He said that criminals were not taking the law seriously because punishments were too light. In other words criminals were just playing a catch-me-if-you can game with the police, while wreaking vengeance on society.

The Commissioner was asked by the press whether the police were doing enough to stop the bloodshed -- which with 100 murders made Bahamian history over the weekend. As we wrote this column last night a report flashed across our screen that two more persons- a man and a woman- had just been shot in Nassau Village. They were taken to hospital - the man in serious condition, the woman stable.

One could almost see the Commissioner biting his tongue at yesterday's conference as he tried to gingerly skirt the reporter's question.

He said police officers were arresting the suspects, but after a person was charged it was out of their hands and up to the courts. He said he did not want to speak on the issue in too much detail.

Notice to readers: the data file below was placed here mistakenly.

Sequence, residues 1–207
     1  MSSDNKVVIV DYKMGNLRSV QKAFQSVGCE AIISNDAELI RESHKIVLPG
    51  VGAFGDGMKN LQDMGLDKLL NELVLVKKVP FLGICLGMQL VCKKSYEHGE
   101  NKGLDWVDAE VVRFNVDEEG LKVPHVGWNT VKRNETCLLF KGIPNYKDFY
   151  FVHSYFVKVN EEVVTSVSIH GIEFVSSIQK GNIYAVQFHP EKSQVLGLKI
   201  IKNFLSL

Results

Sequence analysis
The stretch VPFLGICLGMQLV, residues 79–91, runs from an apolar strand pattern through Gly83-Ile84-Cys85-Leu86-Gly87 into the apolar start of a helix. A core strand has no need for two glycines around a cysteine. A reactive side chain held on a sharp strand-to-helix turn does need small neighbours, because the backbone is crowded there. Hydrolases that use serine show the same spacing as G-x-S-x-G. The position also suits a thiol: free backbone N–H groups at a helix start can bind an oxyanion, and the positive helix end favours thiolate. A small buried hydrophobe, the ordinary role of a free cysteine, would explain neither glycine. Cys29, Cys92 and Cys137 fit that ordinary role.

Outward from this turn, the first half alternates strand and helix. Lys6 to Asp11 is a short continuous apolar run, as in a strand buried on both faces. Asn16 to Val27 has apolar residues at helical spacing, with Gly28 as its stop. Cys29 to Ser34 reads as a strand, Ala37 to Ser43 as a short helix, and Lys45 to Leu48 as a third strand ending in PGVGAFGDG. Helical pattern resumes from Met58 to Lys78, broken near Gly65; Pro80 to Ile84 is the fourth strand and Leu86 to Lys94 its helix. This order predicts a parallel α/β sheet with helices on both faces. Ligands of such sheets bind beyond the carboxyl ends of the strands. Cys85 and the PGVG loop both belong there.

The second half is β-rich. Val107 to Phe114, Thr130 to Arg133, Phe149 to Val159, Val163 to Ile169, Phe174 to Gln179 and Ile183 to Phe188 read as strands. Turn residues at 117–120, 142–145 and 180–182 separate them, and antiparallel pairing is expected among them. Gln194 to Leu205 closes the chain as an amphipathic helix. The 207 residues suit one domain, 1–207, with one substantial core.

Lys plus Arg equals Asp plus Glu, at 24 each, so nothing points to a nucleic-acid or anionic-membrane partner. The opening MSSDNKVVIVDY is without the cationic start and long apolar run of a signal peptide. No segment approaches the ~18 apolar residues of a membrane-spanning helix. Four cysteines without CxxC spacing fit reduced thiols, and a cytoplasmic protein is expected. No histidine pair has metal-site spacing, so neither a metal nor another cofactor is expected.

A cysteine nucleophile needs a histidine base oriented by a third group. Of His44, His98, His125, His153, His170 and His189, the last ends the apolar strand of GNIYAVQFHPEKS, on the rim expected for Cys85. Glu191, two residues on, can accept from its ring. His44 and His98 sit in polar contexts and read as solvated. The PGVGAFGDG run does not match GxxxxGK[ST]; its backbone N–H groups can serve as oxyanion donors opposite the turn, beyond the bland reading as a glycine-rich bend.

He might not want to elaborate on what is a sore point in police ranks, but we shall do it for him.

The answer simply put is: The police are doing their job, but the courts are not.

Let's look at a five-day period to give our readers some idea of what is happening.

Between July 12 and 17th this year 39 prisoners were released from HM Prison by the courts.

Of this number 22 of them were in prison on remand. The courts gave them bail and released them.

Of these, six were charged with murder and at least three of them went before the magistrate's court with a well established criminal record.